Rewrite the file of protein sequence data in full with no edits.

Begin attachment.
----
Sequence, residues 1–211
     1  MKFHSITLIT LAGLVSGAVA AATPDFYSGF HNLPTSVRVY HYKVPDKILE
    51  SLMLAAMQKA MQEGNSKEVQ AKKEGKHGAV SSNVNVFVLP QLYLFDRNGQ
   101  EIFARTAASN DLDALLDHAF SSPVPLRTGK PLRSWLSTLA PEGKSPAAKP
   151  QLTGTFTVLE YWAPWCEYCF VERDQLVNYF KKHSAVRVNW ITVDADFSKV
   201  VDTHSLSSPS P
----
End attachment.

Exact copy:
Sequence, residues 1–211
     1  MKFHSITLIT LAGLVSGAVA AATPDFYSGF HNLPTSVRVY HYKVPDKILE
    51  SLMLAAMQKA MQEGNSKEVQ AKKEGKHGAV SSNVNVFVLP QLYLFDRNGQ
   101  EIFARTAASN DLDALLDHAF SSPVPLRTGK PLRSWLSTLA PEGKSPAAKP
   151  QLTGTFTVLE YWAPWCEYCF VERDQLVNYF KKHSAVRVNW ITVDADFSKV
   201  VDTHSLSSPS P